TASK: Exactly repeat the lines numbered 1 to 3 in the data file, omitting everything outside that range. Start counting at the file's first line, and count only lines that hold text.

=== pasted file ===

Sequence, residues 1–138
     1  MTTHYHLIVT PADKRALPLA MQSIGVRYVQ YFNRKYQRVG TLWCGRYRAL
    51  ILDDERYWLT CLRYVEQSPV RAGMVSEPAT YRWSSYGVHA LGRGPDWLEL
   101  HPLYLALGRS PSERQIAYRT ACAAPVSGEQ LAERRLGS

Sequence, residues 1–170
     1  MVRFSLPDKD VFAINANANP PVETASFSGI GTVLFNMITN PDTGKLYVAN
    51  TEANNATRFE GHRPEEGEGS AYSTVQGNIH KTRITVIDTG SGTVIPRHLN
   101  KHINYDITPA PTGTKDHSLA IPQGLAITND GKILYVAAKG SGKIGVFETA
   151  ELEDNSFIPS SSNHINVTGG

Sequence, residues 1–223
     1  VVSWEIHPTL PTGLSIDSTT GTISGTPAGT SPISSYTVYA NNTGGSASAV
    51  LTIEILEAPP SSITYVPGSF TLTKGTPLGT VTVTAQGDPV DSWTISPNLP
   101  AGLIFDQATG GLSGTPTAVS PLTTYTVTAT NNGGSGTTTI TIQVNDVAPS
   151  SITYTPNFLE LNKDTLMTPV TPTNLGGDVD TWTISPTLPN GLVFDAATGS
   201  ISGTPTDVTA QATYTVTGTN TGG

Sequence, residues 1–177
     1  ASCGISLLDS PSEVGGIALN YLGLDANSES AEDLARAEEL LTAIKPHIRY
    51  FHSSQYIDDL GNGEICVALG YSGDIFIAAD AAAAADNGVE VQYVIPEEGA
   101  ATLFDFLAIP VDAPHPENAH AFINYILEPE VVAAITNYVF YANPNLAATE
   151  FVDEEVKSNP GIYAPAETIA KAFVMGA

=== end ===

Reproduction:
Sequence, residues 1–138
     1  MTTHYHLIVT PADKRALPLA MQSIGVRYVQ YFNRKYQRVG TLWCGRYRAL
    51  ILDDERYWLT CLRYVEQSPV RAGMVSEPAT YRWSSYGVHA LGRGPDWLEL